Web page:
Justin Hunter’s presentation at the 12th annual international software testing conference in Bangalore, India, December 2012.
The techniques discussed focus on how to reduce the amount of time spent selecting and documenting test scripts, reduce the amount of tests needed for execution by creating unusually powerful tests and thus increase the thoroughness of software test suites.
The talk explored the significant risks, for users, companies and employees of failing to catch software application failures before release (for example, looking at releasing Apple Maps with significant failures). And discussed how combinatorial (also orthogonal array or pairwise) software testing can be used to create test plans that test a large number of parameters/factors quickly.
In this video Justin Hunter shows how to use mind maps to clearly and concisely organize and communicate information about your software tests.
You can quickly see mind maps in action by logging into your Hexawise account (it is simple to setup a free demo account, if you don’t have one yet) and open one of the sample test plans. You can make changes to the test plan and export a new mind map and see how the changes are reflected in the mind map.
The video is using Hexwise v 2.0 which is slightly different than the current version on the public site (v 1.x doesn’t have the option to email yourself the mindmap). The main Hexawise site will soon be using Hexawise v2, which includes many enhancements.
As mentioned in the video help.hexawise.com provides guidance and tips on using specific Hexawise features to create software test plans and documentation. As shown in the video to view the mind map you click on the Export option which is in the upper right of the screen. The export option provides several export options including the option to generate mind maps.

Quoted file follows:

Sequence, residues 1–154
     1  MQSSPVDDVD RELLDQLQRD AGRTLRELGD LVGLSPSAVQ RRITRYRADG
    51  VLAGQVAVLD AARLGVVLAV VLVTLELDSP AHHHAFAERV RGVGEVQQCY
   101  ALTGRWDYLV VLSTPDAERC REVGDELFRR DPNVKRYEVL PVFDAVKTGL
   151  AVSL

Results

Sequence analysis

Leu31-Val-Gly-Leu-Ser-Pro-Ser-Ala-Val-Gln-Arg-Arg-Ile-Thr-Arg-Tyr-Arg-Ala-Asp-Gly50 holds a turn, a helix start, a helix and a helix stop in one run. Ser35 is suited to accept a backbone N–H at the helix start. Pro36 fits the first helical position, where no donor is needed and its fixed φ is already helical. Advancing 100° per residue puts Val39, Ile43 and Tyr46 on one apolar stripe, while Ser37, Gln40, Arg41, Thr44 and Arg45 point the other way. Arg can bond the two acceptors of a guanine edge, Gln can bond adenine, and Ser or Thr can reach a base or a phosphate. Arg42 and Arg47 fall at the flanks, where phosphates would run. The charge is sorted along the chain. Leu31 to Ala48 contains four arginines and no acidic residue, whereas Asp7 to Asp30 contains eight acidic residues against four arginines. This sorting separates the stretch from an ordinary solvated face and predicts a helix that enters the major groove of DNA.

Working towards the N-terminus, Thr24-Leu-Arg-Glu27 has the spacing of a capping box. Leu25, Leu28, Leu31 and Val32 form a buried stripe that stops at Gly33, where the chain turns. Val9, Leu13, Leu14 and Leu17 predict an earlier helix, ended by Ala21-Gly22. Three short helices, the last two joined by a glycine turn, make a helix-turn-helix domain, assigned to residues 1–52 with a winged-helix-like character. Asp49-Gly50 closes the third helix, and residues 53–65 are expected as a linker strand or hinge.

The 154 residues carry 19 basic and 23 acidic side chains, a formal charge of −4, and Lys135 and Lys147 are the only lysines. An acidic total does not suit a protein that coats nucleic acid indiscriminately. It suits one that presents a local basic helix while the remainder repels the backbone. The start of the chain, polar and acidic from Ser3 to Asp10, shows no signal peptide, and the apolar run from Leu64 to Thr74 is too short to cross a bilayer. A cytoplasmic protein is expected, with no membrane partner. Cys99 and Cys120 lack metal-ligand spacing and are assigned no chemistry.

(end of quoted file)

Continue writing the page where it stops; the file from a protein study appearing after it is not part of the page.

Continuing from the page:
Hexawise also can import mind maps that you have already created.
This is an 8 part series of videos showing, in detail, various steps that can be used in creating a pairwise software test plan. Many test plans will not require many of these optional steps. Most of the videos have run times of 1-4 minutes.
Video 1 of 8, getting started creating up a new test plan.
Video 2 of 8, marking invalid pairs. This allows a test planner to avoid pairs that are not sensible – for example, if a certain product is not available for payment with a check (perhaps a service that requires a monthly payment). Hexawise will then avoid creating any test conditions that contained the invalid pairs that were identified.
This video provides practical tips for selecting appropriate test inputs for pairwise and combinatorial software test design.
Our experience shows as software testers begin to use pairwise test design strategies selecting the correct input parameters to test is often a bit of a struggle. This video will help testers get up to speed with designing pairwise software test plans effectively.
A basic introduction to pairwise software testing, designing a set of pairwise tests for a simplified banking application, and answering the following questions:
What is pairwise testing?
What challenges does pairwise testing solve?
How do pairwise software test design methods prioritize which specific test conditions are included in each of the tests in the plan?
What two aspects of pairwise test solutions don’t receive as much attention as they deserve? (Variability between tests, and front-loading of combinatorial coverage)
Video 2 of 2:
This video demonstrates:
How should you think about including parameters and values in your inputs so that they trigger specific business rules?
How can you remove “impossible to test for” scenarios from presenting?